When I read Gretchen's piece over on the NYT, I immediately went to Calculated Risk because I was going, I just gotta believe they ripped this sucker to shreds over there. I was not wrong:
QOTD for Sunday would have been, had I blogged about, which I didn't because I couldn't get my act together enough to type on Sunday I was laughing so hard over stuff like this:
"Nobody much likes seeing the punch bowl go away when the party is still going strong. Nobody much likes seeing the punch bowl stay on the table until everyone has passed out and thrown up on each other, either." I made R. read/listen to a huge chunk of that post because the analogies were so amazingly on target in stark contrast to a lot of the analysis of That Obama Cartoon on the New Yorker (guys: MOST New Yorker cartoons are Emperor's New Clothes things -- they expose the reality to humorous effect. Not precisely what was going on with the fist-bumping 'fro'ed up Michelle and berobed Barack. Right? _Right?_ Now, if you'd framed it with a TV and put a FOX NEWS label on it, that'd be different.).
Anyway, the beat goes on with Brooks going right over the top in a little Victorian screed about the sin of spending and Tanta has at him over it. Nicely done, as usual. All very entertaining, particularly in view of having recently read _Financing the American Dream_, altho as H. has noted (and Tanta notes) all you need to have done is read anything from a hundred or so years ago and paid some attention.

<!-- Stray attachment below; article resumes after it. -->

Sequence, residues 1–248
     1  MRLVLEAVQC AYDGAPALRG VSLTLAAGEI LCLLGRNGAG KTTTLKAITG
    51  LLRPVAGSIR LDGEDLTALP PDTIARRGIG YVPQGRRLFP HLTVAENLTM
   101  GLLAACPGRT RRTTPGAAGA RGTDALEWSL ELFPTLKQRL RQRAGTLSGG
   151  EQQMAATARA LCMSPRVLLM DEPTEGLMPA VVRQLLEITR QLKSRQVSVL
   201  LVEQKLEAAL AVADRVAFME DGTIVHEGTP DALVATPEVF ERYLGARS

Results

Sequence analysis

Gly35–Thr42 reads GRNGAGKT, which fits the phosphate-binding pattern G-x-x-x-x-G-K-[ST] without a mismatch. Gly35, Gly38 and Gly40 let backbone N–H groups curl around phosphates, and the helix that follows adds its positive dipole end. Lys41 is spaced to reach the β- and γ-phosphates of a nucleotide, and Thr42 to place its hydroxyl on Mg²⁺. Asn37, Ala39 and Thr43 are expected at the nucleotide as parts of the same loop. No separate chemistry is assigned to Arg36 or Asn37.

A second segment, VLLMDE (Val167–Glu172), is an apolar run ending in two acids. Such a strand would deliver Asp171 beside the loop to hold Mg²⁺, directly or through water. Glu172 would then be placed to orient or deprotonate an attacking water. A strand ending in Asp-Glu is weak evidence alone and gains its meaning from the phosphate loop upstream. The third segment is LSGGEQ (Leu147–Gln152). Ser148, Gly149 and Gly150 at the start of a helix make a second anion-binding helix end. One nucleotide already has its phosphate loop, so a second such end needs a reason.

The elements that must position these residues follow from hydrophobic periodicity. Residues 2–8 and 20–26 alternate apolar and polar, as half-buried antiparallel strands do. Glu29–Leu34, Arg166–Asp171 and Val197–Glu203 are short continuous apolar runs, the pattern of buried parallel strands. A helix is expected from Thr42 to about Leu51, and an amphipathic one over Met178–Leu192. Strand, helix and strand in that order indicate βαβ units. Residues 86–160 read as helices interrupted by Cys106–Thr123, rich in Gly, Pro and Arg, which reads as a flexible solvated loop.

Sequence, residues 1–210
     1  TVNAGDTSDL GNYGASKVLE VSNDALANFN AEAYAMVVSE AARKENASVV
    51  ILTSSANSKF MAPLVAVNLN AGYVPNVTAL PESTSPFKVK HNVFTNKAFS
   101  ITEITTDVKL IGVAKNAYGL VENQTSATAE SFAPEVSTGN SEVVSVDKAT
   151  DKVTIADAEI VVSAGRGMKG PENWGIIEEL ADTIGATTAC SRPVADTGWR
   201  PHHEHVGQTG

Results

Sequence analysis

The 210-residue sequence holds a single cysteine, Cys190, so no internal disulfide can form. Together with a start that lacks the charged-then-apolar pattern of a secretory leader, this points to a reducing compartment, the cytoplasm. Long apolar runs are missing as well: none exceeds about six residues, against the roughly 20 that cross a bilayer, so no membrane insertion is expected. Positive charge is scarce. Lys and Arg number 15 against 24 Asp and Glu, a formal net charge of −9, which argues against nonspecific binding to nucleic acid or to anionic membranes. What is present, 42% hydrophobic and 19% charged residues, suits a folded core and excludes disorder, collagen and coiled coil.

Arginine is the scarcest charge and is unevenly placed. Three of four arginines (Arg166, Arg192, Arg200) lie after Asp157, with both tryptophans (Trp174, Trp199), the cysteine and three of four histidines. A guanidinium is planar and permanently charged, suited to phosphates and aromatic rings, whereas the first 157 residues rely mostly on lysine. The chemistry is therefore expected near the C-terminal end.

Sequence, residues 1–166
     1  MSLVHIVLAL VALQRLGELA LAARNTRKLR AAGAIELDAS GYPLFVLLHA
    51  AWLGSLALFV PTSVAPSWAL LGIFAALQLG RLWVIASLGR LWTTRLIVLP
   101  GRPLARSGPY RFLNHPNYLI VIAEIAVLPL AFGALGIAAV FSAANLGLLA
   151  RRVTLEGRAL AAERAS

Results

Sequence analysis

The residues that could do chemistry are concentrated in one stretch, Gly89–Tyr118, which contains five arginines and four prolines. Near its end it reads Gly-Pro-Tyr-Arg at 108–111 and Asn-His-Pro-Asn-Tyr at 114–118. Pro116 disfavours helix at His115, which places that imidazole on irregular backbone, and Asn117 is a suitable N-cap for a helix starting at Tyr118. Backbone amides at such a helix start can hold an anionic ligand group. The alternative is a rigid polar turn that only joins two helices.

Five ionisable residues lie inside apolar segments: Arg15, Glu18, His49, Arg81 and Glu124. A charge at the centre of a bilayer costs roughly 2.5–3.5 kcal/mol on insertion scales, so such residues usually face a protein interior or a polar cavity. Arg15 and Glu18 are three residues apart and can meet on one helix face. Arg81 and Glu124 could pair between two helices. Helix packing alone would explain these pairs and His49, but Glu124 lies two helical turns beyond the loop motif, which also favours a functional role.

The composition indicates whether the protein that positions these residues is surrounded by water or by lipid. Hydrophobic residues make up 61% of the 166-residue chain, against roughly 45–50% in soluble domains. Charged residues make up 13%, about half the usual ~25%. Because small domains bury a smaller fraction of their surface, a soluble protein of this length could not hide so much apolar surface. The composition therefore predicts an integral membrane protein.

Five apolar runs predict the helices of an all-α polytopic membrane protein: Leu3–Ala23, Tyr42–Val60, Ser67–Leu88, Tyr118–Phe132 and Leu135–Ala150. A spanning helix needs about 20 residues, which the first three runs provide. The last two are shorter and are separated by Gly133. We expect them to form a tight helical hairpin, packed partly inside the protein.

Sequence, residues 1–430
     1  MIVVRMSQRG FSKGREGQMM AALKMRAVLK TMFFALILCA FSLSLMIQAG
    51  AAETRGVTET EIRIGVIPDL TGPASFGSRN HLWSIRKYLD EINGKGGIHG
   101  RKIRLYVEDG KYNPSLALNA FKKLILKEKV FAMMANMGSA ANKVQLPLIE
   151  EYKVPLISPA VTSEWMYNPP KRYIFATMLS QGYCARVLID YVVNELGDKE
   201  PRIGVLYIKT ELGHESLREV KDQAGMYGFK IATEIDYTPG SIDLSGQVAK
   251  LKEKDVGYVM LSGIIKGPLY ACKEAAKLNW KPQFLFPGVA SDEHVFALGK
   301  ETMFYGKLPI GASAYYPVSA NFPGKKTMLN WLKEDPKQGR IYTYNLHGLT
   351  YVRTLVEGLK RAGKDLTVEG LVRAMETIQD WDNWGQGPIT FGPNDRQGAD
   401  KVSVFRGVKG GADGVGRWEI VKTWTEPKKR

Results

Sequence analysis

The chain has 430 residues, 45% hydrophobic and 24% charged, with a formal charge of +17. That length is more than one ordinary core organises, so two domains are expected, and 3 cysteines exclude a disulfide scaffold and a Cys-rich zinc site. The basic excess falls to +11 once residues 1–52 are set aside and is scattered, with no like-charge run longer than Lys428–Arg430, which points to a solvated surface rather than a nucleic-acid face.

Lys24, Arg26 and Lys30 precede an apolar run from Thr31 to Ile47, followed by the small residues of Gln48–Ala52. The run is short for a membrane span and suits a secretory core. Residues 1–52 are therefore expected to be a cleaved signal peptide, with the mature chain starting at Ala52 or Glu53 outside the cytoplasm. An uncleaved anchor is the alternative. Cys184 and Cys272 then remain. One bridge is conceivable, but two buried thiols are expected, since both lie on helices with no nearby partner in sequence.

If you actually read Brooks article and give it a little thought, the complete absence of mention of regulation and regulatory institutions I think gives more insight into (a) Brooks and (b) the problem under discussion than any of this moralizing. People do what they can do. To some degree, you can cut down on speeding by giving tickets and talking about saving the planet. But if you want to cut down on highway deaths, you redesign the roads so they aren't lethal to people who are traveling at higher speeds. And if you want to cut down on speeding, you freaking make the manufacturers build the cars so they don't _go_ that fast in the first place. Or, at least, not easily.